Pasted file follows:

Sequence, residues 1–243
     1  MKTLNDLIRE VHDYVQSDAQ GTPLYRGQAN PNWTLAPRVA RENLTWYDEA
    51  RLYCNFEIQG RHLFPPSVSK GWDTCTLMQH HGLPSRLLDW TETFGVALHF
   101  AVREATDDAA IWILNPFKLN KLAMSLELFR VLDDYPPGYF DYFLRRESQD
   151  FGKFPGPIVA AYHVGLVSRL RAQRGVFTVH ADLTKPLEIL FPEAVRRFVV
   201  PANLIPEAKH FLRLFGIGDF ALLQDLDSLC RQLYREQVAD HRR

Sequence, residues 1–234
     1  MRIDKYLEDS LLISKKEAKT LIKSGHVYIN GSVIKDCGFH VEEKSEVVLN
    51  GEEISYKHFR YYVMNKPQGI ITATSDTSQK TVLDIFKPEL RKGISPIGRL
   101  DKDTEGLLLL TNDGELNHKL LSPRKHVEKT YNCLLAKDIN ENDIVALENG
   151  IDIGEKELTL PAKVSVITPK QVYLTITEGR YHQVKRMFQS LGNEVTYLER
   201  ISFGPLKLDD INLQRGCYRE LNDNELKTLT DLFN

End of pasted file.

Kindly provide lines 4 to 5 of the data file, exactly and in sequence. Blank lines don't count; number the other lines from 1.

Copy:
   101  AVREATDDAA IWILNPFKLN KLAMSLELFR VLDDYPPGYF DYFLRRESQD
   151  FGKFPGPIVA AYHVGLVSRL RAQRGVFTVH ADLTKPLEIL FPEAVRRFVV